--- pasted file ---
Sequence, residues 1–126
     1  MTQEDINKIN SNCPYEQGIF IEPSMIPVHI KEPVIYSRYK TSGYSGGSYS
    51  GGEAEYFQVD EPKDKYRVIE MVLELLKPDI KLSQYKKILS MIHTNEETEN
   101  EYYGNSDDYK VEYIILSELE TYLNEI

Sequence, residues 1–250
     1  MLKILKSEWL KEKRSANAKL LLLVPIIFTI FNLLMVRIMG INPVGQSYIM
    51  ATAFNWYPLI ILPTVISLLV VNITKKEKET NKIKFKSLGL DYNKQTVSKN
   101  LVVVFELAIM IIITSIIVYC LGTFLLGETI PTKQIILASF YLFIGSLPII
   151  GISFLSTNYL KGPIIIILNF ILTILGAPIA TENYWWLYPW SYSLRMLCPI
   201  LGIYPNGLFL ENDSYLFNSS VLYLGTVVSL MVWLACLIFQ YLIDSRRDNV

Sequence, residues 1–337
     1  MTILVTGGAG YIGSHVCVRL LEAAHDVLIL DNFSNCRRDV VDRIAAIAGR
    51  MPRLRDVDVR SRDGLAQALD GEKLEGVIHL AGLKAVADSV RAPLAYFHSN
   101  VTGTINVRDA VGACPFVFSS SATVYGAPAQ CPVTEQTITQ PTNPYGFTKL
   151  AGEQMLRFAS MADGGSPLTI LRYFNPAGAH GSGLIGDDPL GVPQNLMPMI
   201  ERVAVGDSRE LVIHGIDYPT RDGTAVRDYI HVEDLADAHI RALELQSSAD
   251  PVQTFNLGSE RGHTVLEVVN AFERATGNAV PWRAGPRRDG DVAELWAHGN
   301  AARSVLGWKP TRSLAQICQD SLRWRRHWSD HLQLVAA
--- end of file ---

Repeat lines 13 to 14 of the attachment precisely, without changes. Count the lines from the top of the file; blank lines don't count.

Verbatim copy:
    51  MPRLRDVDVR SRDGLAQALD GEKLEGVIHL AGLKAVADSV RAPLAYFHSN
   101  VTGTINVRDA VGACPFVFSS SATVYGAPAQ CPVTEQTITQ PTNPYGFTKL